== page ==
You can help parents by sharing details about classroom life that will jump-start end-of-day conversations. This information must be clear, concise and educating. Schools should have a parent communication strategy, is it weekly, monthly or half termly?  What’s the content?  – Fund raising only or other educational aspect

If you have a class blog or website, let parents know how to access it and encourage them to use it by creating a platform for them to interact. This will help them feel more involved and encourage them to ask direct questions about goings-on in the classroom.

Not too late to review, implement or enhance your parent involvement strategy this school year.


In this complex world, it takes more than a good school to educate children. And it takes more than a good home. It takes these two major educational institutions working together”. Dorothy Rich

Teachers, Even Superhero Teachers Can’t Do It All!

We all believe in the power of teachers, both positive and negative, on their students. I do think that teachers make a difference – but I cannot put all of my faith in these “superstar teachers” to reform the education system the way that is truly needed, or be the sole reason for my child’s performance this new school year and here’s why:
1.    Limited superhero teachers for the growing number of kids and schools.
The schools that desperately need some sort of superstar superheroes are often unable to pay them and cannot attract the skills into the areas they are needed most to make the change. If with some stroke of luck they do find this superhuman, they do not last and school cannot retain quality, teachers.
2.    Superhero Teachers can fix most problems, but poverty is not one. Location! Location!! Location!!!.
Schools located in poverty and less access to basic amenities, have higher percentages of students living in poverty and have fewer resources available for teaching. They often have a persistent achievement gap and cannot afford superhero teachers to help bridge this cycle, cache 22 situation.
3.    Teachers are normally only temporary fixtures at a school.
All good things must come to an end and superhero teachers are no exception. Teachers good or bad come and go, moving from school to school or on to different careers. As with all things in life they will be at various stages of their teaching career (early years of teaching or nearing retirement) and that do have an influence either directly or indirectly on student’s performance.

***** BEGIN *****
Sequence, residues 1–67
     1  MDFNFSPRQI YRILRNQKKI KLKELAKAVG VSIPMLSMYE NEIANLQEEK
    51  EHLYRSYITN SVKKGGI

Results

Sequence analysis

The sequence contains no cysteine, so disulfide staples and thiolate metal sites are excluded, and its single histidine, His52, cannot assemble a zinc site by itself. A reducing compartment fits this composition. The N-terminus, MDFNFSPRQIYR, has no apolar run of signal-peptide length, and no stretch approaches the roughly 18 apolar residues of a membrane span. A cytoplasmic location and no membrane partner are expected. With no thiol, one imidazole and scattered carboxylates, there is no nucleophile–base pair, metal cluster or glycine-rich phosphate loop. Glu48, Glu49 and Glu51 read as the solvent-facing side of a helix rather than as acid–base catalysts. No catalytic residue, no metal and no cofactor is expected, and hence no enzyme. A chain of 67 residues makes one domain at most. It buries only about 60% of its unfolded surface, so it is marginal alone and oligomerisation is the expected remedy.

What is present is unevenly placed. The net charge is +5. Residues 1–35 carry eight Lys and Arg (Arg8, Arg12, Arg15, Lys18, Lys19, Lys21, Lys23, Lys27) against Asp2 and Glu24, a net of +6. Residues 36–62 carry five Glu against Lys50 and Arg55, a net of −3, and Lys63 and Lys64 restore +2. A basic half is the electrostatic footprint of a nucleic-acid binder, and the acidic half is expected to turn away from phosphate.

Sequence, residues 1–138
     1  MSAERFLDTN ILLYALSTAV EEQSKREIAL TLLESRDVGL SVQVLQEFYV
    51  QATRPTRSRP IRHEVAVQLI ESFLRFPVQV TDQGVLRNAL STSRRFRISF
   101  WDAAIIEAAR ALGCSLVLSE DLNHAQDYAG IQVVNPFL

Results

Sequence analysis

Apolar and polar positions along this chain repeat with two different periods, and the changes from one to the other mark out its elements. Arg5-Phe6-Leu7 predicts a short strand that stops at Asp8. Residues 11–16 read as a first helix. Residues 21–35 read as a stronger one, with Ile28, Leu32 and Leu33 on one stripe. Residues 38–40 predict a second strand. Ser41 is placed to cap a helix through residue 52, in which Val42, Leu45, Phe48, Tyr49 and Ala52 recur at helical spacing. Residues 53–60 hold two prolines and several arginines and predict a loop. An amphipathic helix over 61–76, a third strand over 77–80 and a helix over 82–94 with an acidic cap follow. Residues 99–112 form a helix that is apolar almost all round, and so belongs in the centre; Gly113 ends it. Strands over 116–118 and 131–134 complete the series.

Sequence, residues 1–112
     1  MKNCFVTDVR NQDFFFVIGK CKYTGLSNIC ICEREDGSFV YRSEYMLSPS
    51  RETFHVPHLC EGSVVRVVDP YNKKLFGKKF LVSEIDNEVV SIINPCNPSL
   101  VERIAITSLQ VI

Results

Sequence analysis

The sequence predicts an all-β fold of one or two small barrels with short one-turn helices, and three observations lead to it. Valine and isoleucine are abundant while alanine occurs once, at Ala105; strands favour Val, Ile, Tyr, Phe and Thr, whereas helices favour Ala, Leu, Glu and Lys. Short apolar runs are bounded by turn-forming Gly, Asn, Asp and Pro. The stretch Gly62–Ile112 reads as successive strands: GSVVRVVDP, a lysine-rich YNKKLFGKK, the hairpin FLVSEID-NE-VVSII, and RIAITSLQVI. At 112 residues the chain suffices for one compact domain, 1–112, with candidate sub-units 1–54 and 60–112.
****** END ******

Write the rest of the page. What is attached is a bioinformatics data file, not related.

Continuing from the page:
teaching is a work of the heart
4.    First teachers; should not be last teachers; parents need to become more involved.
 Parents are key to supporting, if not inspiring, life-long learning. When parents get involved with their children’s education, they tend to succeed academically and perform better on exams. Conversely, children, whose families are not as involved in their school experiences, are often unable to compete academically with peers.
Parents as partner

Superhero teacher or not, I think it is unfair to blame teachers solely for the performance of their students. I agree they play a critical role in shaping the young minds in their classrooms and should they be held accountable for that  O yes! But so as long as some children are routinely assigned the least-prepared teachers, attend schools in disrepair, make do with outdated technology and instructional materials, and have limited access to a broad and rich curriculum, our nation is still at risk.

However, it seems to me that the root of issues in classrooms that tend to cause the most problems for students failure (like poverty and ill-equipped or uninvolved parents) should be the target of any true reform.
Teachers cannot do this alone, there is a lot all parties involved (Government, Parents, School educators/ owner, teachers) can do to help eradicate the profound inequities among schools and students and to fulfill our great country deep need for reform. Are you working at this for this new school year?

Leaving you with this question? I TEACH SO WHAT’S YOUR SUPERPOWER?
Have a Happy new school year!!!!!!!!!!!!!!